If you do try the 4-4-2 with false wingers it’s important to note that you’d want differing qualities. We’ll talk about what types of players work well with false winger shortly, but you generally would want to have one striker that drops deeper while the other plays off the back shoulder of the last defender.
What Happens When You Combine With Other Advanced Tactics?
Since you can assign two advanced tactics when in attack, there are a few other tactical options that you can pair with it to get the most of out of your attack. The obvious pairing is “attacking fullbacks” as it helps to provide some of the width that goes missing but it’s not always necessary if you have fullbacks who are “attacking” anyway. If that is the case and you have naturally gifted fullbacks in attack, employing “hug the touchline” is a great pairing as it ensures that you have a player (usually a fullback) on the opposite side of the field near the touchline providing width and the always fun “switch” (crossing the ball from one side to another via a cross).
Another interesting pairing is “wing rotation” because that gives you wide options when your now centrally deployed winger has the ball in the half space:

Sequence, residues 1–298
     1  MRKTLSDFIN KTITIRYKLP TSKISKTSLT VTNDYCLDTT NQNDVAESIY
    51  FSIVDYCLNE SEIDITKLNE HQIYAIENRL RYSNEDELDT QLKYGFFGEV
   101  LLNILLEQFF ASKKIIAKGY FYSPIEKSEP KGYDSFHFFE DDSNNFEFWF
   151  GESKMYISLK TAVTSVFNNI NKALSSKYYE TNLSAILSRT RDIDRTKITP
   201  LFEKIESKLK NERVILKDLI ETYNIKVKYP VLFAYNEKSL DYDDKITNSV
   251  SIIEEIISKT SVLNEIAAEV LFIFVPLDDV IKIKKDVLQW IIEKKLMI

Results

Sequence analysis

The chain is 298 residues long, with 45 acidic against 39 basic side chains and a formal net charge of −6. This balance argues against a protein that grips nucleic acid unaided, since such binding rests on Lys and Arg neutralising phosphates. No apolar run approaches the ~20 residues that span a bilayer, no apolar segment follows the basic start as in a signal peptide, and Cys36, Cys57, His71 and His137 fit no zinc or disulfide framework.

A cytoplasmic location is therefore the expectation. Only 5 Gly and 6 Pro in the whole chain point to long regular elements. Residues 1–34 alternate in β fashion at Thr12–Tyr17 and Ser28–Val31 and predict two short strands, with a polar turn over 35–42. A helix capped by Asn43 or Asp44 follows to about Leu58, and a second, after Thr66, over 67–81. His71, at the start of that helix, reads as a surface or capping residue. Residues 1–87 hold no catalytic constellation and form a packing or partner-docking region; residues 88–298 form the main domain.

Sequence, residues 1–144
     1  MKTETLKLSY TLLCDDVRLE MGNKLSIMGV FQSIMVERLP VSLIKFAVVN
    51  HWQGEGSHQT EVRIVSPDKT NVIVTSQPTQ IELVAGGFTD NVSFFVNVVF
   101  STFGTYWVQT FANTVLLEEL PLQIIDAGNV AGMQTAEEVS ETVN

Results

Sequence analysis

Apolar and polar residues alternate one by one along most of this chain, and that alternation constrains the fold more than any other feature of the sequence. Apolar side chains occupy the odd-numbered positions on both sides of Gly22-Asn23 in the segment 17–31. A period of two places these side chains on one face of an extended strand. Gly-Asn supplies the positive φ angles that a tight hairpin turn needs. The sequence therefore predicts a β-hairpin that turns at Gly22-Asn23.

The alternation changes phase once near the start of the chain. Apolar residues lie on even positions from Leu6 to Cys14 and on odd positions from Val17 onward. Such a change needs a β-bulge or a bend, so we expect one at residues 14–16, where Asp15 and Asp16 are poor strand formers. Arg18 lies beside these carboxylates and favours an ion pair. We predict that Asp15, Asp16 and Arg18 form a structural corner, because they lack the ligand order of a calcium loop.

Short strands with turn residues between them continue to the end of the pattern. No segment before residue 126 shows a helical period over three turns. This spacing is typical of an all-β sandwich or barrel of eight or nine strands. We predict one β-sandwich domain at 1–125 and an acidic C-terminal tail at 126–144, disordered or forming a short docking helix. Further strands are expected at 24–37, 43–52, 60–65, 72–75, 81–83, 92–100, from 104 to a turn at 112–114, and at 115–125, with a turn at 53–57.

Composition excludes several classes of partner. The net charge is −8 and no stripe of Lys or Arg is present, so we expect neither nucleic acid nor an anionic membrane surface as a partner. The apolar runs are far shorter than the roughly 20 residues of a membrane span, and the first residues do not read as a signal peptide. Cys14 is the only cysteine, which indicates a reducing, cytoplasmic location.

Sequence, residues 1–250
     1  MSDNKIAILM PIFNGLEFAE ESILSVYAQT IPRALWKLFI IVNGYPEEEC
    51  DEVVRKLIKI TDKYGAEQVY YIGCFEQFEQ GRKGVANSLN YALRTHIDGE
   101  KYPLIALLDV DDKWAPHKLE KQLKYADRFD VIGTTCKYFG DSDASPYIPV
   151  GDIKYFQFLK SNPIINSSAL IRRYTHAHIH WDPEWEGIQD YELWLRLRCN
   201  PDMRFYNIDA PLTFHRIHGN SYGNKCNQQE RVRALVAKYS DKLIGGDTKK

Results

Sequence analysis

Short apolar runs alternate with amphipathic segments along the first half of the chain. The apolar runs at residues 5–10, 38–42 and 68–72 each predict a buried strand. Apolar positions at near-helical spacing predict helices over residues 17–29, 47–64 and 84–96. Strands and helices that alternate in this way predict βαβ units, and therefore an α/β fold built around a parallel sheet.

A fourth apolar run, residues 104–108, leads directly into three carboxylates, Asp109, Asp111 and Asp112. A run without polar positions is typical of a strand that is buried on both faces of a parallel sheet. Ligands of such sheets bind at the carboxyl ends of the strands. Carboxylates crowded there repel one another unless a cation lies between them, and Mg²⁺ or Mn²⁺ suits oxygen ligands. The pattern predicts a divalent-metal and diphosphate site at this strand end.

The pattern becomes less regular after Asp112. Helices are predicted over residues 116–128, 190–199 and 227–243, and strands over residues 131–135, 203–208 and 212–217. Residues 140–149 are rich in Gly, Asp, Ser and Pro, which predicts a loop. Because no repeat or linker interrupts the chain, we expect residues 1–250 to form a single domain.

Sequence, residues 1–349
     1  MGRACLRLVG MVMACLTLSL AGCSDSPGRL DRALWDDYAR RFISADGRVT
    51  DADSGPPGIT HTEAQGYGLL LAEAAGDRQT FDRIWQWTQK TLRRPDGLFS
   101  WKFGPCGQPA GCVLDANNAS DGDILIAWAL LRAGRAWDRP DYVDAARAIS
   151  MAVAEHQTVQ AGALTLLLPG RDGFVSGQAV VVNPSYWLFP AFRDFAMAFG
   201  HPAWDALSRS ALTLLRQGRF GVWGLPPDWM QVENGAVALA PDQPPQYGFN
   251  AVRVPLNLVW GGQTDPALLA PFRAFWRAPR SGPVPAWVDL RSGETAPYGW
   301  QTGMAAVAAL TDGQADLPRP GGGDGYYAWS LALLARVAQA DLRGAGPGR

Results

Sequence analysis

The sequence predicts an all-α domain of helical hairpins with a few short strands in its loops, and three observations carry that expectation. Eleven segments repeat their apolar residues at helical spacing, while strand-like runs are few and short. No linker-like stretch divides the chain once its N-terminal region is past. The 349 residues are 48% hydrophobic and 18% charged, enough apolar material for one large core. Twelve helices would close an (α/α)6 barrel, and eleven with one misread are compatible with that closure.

As you can see from this video captured during training mode, once the midfielder receives the pass in the right half space, the winger to the right moves towards the sideline taking what would be the defender with him, opening up space near the right side of the 18-yard box, which Kevin De Bruyne takes advantage of with a run in behind. So if you’re using both the “false winger” and “wing rotation,” you’ll most likely see wing rotation override false winger. This means your winger will go wide unless he’s the one who initiates the attack, in which case your overlapping fullback will be the widest player while your closest midfielder will attempt to make the run in behind.